Wuthering Heights

Humanuty versus Nature

Provide an explanation of how the theme operates within the novel. Use complete sentences.

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Humanity versus nature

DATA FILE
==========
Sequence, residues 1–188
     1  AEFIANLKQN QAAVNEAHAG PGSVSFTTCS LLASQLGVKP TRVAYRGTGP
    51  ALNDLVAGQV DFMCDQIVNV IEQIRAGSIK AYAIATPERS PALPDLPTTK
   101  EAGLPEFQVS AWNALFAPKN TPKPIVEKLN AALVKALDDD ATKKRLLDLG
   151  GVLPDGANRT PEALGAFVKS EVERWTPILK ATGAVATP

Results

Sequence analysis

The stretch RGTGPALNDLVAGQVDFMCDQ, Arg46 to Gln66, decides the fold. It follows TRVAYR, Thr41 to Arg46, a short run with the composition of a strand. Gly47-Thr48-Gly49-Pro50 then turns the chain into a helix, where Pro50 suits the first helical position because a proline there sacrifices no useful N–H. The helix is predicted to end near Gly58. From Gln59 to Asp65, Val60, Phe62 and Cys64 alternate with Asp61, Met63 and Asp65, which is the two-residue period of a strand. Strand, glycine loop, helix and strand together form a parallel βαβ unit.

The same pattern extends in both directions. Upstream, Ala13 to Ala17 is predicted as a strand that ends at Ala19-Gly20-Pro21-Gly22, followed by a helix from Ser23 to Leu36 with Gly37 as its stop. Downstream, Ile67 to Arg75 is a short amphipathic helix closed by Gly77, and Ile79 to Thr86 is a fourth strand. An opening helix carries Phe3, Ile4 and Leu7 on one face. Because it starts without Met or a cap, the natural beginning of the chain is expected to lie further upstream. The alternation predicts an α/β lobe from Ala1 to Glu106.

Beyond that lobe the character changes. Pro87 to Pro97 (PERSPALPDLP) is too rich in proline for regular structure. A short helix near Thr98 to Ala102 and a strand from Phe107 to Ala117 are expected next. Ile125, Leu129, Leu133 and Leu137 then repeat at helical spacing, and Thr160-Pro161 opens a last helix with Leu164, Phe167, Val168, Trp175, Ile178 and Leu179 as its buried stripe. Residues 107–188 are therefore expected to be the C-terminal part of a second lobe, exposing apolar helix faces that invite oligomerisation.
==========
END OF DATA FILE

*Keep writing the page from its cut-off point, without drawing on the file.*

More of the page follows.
Brontë is preoccupied with the opposition between human civilization and nature. This is represented figuratively in her descriptions of the moors, but she also ties this conflict to specific characters. For example, Catherine and Heathcliff resolve to grow up "as rude as savages" (46) in response to Hindley's abuse, and Ellen likens Hindley to a "wild-beast" (73). The natural world is frequently associated with evil and reckless passion; when Brontë describes a character as 'wild,' that character is usually cruel and inconsiderate––take for example Heathcliff, Catherine Earnshaw, and Hindley. However, Brontë also expresses a certain appreciation for the natural world; Linton and Cathy Linton's ideas of heaven both involve peaceful afternoons in the grass and among the trees. Likewise, Hareton is actually a very noble and gentle spirit, despite his outward lack of civilization and his description as a "rustic" (299).